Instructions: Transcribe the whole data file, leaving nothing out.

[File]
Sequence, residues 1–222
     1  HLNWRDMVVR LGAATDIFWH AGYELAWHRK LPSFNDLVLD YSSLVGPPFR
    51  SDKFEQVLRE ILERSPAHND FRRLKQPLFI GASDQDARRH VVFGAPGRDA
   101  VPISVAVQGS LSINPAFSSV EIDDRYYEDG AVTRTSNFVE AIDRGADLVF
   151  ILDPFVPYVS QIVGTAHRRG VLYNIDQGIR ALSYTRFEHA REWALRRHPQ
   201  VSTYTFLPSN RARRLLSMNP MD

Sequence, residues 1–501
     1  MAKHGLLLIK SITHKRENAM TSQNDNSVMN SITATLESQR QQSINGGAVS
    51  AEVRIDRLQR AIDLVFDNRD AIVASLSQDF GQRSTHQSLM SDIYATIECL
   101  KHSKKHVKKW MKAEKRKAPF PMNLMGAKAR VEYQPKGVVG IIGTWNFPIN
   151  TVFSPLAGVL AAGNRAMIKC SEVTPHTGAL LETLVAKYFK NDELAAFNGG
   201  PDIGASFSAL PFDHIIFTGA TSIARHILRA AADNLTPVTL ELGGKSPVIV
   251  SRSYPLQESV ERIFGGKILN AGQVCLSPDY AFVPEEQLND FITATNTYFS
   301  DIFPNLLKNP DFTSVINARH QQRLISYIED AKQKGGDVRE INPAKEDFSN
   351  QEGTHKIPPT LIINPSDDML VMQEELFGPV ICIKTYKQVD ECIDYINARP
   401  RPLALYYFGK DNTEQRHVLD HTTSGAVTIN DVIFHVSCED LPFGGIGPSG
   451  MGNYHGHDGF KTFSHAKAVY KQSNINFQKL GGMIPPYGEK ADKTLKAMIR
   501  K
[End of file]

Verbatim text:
Sequence, residues 1–222
     1  HLNWRDMVVR LGAATDIFWH AGYELAWHRK LPSFNDLVLD YSSLVGPPFR
    51  SDKFEQVLRE ILERSPAHND FRRLKQPLFI GASDQDARRH VVFGAPGRDA
   101  VPISVAVQGS LSINPAFSSV EIDDRYYEDG AVTRTSNFVE AIDRGADLVF
   151  ILDPFVPYVS QIVGTAHRRG VLYNIDQGIR ALSYTRFEHA REWALRRHPQ
   201  VSTYTFLPSN RARRLLSMNP MD

Sequence, residues 1–501
     1  MAKHGLLLIK SITHKRENAM TSQNDNSVMN SITATLESQR QQSINGGAVS
    51  AEVRIDRLQR AIDLVFDNRD AIVASLSQDF GQRSTHQSLM SDIYATIECL
   101  KHSKKHVKKW MKAEKRKAPF PMNLMGAKAR VEYQPKGVVG IIGTWNFPIN
   151  TVFSPLAGVL AAGNRAMIKC SEVTPHTGAL LETLVAKYFK NDELAAFNGG
   201  PDIGASFSAL PFDHIIFTGA TSIARHILRA AADNLTPVTL ELGGKSPVIV
   251  SRSYPLQESV ERIFGGKILN AGQVCLSPDY AFVPEEQLND FITATNTYFS
   301  DIFPNLLKNP DFTSVINARH QQRLISYIED AKQKGGDVRE INPAKEDFSN
   351  QEGTHKIPPT LIINPSDDML VMQEELFGPV ICIKTYKQVD ECIDYINARP
   401  RPLALYYFGK DNTEQRHVLD HTTSGAVTIN DVIFHVSCED LPFGGIGPSG
   451  MGNYHGHDGF KTFSHAKAVY KQSNINFQKL GGMIPPYGEK ADKTLKAMIR
   501  K